“Was the current financial crisis due to reckless lending? Not really. That was an opportunistic infection. It was due to a problem building up unsolved: lack of affordable housing, which was due to lack of innovation in the housing industry. Lack of real solutions made room for a phony solution that, funny coincidence, benefited the powerful: rip off poor people by lending them too much money.”

    IMO the housing bubble was basically a transformation of the NASDAQ (tech) bubble into the housing market. Easy borrowing was mostly engineered by the Federal Reserve in an attempt to prevent a recession (encourage economic growth). I.e., it was *innovation* on the part of the ruling class aimed at solving their own problems that caused the problem.

    To the extent it was specifically about housing, you’re right that it was abetted by government policies aimed at increasing “affordability”, but these in turn were innovations to again solve the same problem: how to maintain or increase their own power by ingratiating themselves with certain constituents and so on.

    That is to say, lots of problems are caused by *too much* innovation to solve problems (problems such as “How do I increase short-term profit?” or “How do I get elected again?”) by people who will stand to benefit against an often larger group who will stand to lose, where the second group’s losses are too diffuse or obscured to adequately motivate sufficient counter-actions.

  3. Well, yes, there is innovation in crime, innovations in gaming the system, as well as innovation that solves real systemic problems, such as poor health or lack of decent housing. I completely agree.

  4. I think you are painting with too broad a brush. I thought that one of the key points of Jacobs in the Economy of Cities is that cities are the most important economic unit to reason about; problems in cities are concrete; they are actionable; with study and leadership and effort they can be solved. There are economic entities that are too large to reason about or fix, like regions and nations. Solve problems at the city level was what I got out of reading it.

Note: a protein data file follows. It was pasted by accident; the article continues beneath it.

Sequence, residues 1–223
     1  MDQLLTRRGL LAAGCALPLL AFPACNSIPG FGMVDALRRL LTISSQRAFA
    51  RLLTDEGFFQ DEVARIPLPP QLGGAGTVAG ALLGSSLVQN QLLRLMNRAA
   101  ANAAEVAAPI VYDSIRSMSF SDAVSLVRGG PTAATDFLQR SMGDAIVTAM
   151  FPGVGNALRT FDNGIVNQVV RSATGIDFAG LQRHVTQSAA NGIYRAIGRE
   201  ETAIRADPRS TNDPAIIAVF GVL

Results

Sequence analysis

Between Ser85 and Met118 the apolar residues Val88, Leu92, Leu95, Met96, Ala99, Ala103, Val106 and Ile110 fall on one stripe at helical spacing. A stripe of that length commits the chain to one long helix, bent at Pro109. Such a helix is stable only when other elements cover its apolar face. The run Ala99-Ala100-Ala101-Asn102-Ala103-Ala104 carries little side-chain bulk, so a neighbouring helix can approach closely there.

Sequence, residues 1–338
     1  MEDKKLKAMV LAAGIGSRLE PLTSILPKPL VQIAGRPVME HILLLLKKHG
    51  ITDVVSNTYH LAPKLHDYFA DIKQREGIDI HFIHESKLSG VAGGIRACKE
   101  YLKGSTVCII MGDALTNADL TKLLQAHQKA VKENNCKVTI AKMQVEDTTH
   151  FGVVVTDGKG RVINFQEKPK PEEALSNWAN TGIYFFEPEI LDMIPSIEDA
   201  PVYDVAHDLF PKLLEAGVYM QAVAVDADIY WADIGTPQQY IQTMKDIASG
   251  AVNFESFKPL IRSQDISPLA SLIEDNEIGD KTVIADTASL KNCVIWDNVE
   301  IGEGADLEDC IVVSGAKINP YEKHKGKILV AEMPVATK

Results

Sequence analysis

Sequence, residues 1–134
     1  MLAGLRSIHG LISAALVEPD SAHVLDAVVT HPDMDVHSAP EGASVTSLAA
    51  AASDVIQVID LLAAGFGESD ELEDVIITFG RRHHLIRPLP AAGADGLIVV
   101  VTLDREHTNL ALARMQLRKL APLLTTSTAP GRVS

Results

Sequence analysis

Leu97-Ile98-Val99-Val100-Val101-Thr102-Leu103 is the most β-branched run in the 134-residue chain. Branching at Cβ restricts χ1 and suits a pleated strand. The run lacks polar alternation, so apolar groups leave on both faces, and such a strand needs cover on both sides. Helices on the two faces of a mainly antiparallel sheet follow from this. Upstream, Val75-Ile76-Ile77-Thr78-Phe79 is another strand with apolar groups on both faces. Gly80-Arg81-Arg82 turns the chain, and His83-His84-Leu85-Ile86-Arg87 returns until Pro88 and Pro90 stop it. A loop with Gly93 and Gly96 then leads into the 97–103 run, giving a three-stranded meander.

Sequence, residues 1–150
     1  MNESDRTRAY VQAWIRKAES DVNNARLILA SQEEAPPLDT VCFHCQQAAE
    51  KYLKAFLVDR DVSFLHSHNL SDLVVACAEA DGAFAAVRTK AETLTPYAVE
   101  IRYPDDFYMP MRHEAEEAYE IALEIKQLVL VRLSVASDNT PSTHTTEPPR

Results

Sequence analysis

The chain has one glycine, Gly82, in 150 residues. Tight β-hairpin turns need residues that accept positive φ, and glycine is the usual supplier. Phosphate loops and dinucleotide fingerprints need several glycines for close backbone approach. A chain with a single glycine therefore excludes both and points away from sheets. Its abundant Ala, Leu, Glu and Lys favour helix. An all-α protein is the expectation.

When you criticize the American health care system it’s like you are criticizing California. It’s epically gigantic and you come to conclusions like “inequality is the root problem.” Nobody is going to fix health care any more than they are going to fix the state of Florida.

    I have three kids with autism and I had a pediatrician who was completely bought into mainstream dogma. All she could do for us was miss the initial diagnosis (by years, tragic), prescribe antibiotics like candy, and berate us for not wanting to vaccinate our kids who were constantly suffering cold symptoms.

    We left her for a very pragmatic doctor with extensive autism experience. Our kids have improved a great deal in both language and behavior with her help. One is reading even. No clue about the story mind you, but he likes the words.